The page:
- Allow preferred seating for individuals making use of sign language interpretation. Take into account that the interpreter needs to be either next to the speaker/presenter or seated in a sight line so as to allow the deaf person to see the speaker/presenter beyond the interpreter. (Preferred seating should also be away from heating and air conditioning units, hallways, and other “noisy” areas so as not to be distracting to the interpreter(s).) Keep lights bright in the area where the presenter and interpreter stand.
- Find out if any assistive listening devices will be used by the participants to improve the auditory reception of speech or sound information. These devices, which can be used alone or in conjunction with personal hearing aids, involve a microphone-transmitter unit, either worn by the speaker or placed close to the sound source and a receiver worn by the listener. Categories of assistive listening systems include:.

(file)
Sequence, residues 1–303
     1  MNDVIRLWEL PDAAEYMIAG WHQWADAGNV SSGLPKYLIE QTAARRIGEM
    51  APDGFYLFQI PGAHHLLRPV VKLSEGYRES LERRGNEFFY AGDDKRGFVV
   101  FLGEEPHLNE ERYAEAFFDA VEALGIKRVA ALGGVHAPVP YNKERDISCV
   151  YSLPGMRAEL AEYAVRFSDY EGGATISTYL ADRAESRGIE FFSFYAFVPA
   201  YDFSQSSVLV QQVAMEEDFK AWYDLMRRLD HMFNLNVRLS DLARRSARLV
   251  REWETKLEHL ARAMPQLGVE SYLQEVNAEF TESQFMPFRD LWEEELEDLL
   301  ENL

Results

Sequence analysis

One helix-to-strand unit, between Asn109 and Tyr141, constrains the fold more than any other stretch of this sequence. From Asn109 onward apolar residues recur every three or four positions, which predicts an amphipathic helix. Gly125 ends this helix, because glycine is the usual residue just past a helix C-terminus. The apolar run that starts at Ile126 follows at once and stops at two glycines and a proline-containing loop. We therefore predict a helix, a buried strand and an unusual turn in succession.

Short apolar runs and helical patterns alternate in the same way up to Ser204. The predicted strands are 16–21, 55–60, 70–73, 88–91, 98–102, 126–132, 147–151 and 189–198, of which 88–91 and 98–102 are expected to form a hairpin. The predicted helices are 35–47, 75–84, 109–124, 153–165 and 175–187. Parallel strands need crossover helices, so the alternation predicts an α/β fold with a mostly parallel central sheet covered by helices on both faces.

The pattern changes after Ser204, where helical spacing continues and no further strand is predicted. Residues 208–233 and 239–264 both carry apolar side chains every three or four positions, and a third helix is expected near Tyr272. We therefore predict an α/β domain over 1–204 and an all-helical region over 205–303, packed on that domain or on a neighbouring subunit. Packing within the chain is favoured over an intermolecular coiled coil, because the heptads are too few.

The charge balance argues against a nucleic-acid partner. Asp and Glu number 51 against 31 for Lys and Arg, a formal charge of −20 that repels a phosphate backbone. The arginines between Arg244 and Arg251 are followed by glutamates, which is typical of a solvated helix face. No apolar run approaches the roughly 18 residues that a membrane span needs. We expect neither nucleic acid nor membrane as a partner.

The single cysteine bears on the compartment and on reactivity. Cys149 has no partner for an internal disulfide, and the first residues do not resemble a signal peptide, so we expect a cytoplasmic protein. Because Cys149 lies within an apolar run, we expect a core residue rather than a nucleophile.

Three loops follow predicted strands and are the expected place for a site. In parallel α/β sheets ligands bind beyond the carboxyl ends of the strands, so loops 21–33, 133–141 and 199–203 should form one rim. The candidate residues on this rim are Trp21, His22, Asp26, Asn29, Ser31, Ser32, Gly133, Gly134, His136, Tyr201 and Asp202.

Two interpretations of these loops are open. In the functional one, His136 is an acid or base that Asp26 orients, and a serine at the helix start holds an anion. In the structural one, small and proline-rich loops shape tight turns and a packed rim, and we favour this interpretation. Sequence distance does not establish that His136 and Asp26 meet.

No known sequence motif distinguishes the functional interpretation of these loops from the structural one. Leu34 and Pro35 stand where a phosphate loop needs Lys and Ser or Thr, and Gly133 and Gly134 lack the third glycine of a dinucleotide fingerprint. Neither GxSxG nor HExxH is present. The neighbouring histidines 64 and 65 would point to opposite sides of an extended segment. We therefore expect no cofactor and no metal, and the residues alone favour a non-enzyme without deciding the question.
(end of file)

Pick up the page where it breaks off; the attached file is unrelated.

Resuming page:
- Hardwired Devices
- Induction Loop Devices
- FM Devices
- Infrared Devices
- Amplification Systems
- Check that window coverings are adjustable to reduce or remove glare.
- Arrange seats in a circle for smaller discussion groups so the deaf participant(s) may more easily follow/know who is speaking.
- Have notes on the presentation available beforehand, if at all possible. Alternatively, have a staff member or volunteer available to take notes during the presentation, allowing the participant to focus on the speaker and interpreter.
- Be aware there may be deaf/hard of hearing individuals in attendance who don’t use sign language to communicate and that they may require Real Time Captioning services. Also the possibility of real-time captioning for large group meetings should be investigated.
Accessibility for Individuals Who Use Wheelchairs
- Ensure that there is handicap parking available, if needed, making sure that the parking space(s) will also accommodate lift equipped vans.
- Hold meetings/presentations in rooms where the doors are wide enough, and easy to open (requiring no more than 5 pounds of pressure). Also ensure that the main entry and exit routes of the facility are easily maneuverable and obstacle free.